Gathering each week of the school year with PDS students has been a gift. Learning from their questions about God and faith, their wonder, and the empathy and feeling they share with characters in our sacred stories has made me a better priest, a more curious and thoughtful person. Whatever I go on to do, our prayer and laughter and curiosity and praise will always be a foundational part of my ministry, and I could not be more grateful. And it’s not just me. Our entire community is enlivened and enriched by our relationship with PDS, their staff, students, and families: new voices in the building, new relationships beyond our campus. We have been and continue to be blessed (by God and by the hard work of many people over the last 70+ years) to have a school as a part of our parish community. It is so good to be here together.

PDS is on my mind this week because Wednesday was our last chapel of the year. On Monday, our very first class of third graders will graduate, with Pomp and Circumstance on the organ and an entire community changed by the experience. Please keep these 11 members of our Redeemer community in your prayers on Monday, over the summer, and in the fall: Miranda, Joaquin, Ben, Maddie, Sam, Blythe, Leland, Nathan, Emily, Will, and Jack. As they set out to new schools and new adventures, may they continue to grow and bless their new communities the way they have blessed ours. May they remember that they will always have a home here at Redeemer. And may they carry our love with them, surrounded by the love of God, the friendship of Jesus, and the wisdom of the Spirit everywhere they go.


Dear Folks,

When I was introduced to Hamilton Rowan fifteen years ago, he smiled and said, “I am so glad to meet the man who will bury me.” “Are you feeling alright,” I worried, not really sure how to respond to this impish stranger, and he burst into laughter. “Oh, I’m fine,” he said, “just fine. But there’s no harm in planning ahead.” Fair enough. I was the new priest in town and Ham was “no spring chicken,” as he told me, so his forthrightness made some sense.

Ham grew up in England and went to boarding school with A.A. Milne’s son Christopher Robin. “CR,” as Ham called him, was the object of bullying, because his fictional namesake was a character in his father’s Winnie the Pooh stories. So, Ham became CR’s champion and friend when they were just 10-years-old, and their relationship lasted through adulthood. I think Christopher Robin’s winsomeness balanced Ham’s leathery persona. Ham was a war hero, and a successful businessman, and a devoted dad, but he told me one day, “My highest goal was to be a good friend.”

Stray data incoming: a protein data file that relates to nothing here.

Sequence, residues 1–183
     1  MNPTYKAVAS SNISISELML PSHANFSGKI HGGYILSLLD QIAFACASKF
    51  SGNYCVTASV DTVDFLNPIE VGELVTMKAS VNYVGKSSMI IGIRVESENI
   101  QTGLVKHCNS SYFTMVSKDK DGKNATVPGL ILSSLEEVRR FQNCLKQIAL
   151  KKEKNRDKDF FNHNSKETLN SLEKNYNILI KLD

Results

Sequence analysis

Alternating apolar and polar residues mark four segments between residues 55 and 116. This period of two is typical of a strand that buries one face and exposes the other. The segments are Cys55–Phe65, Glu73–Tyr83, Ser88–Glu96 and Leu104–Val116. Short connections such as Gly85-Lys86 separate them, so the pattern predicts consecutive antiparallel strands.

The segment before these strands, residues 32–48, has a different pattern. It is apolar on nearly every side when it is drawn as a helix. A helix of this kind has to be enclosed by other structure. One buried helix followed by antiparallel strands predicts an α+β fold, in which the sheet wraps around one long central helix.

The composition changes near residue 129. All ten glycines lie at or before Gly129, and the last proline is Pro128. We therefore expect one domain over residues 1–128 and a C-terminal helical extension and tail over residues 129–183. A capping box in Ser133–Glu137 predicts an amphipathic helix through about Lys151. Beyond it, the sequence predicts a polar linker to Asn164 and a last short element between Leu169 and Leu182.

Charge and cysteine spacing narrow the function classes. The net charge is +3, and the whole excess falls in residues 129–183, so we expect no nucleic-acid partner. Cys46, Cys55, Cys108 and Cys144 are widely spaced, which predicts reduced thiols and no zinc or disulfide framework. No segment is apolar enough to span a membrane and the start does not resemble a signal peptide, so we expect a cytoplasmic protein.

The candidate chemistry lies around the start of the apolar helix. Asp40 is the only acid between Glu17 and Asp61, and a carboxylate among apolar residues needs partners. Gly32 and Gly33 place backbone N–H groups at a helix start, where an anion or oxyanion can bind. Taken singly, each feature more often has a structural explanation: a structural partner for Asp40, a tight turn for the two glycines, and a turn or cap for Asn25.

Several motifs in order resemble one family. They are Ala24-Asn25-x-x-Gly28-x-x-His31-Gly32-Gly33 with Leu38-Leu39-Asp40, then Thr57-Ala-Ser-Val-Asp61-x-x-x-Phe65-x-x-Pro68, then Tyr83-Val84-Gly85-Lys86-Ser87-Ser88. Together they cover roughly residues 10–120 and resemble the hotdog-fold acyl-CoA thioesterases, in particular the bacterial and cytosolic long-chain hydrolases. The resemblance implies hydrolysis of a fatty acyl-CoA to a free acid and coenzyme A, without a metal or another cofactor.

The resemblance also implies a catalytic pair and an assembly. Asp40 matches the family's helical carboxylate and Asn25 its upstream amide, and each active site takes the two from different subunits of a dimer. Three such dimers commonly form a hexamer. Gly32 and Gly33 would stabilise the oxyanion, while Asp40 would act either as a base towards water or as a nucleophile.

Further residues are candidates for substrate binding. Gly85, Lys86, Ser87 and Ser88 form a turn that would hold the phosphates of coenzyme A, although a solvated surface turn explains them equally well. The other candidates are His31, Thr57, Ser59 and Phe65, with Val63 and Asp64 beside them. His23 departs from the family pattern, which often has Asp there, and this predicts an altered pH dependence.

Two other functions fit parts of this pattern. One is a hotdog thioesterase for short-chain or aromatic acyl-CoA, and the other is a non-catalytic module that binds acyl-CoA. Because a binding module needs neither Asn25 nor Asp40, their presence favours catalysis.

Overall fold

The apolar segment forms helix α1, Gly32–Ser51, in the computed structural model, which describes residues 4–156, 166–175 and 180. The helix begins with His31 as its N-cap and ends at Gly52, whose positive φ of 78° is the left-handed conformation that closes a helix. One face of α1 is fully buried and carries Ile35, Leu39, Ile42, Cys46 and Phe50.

As he weakened, I prepared Ham for his death, and we talked several times about the words that A.A. Milne placed on the lips of Ham’s childhood friend. “How lucky am I to have something that makes saying good-bye so hard,” for example. Or, “You can‘t stay in your corner of the forest waiting for others to come to youYou have to go to them sometimes.” And this: “If ever there is a tomorrow when we’re not together, there is something you must always remember. You are braver than you believe, stronger than you seem, and smarter than you think… and even if we are apart, I’ll always be with you.”

I lost a hero when Ham died. True to himself, his sense of dignity and courage palpable to the last, he fought the good fight with his cancer until it was clear to him and his doctors that the treatment was making him sicker than the disease itself. “It’s time to make some different choices,” he told me a few weeks before the end. And so his dying was as purposeful as Ham’s life had been: no fuss, no calling attention to himself, no regrets, no fear, and hardly any pain medication. Just a desire to see a very close friend, his brother and his children, to walk his quiet way toward death, and to pray about crossing over.

The good news for those who mourn is this love letter that I want to share with you from Frederick Buechner. “When you remember me, it means that you have carried something of who I am with you, that I have left some mark of who I am on who you are. It means that you can summon me back to your mind though countless years and miles may stand between us. It means that if we meet again (when we meet again), you will know me. It means that even after I die, you can still see my face and hear my voice and speak to me in your heart. For as long as you remember me, I am never entirely lost.” Ham is still with me.

Ham’s feet are now planted firmly in heaven, and so I guess he sees us a bit upside down! But you know what? Ham’s wise and loving heart, his crusty exterior and mushy insides, have been in heaven all along. In fact, his heart and our hearts and God’s heart are one.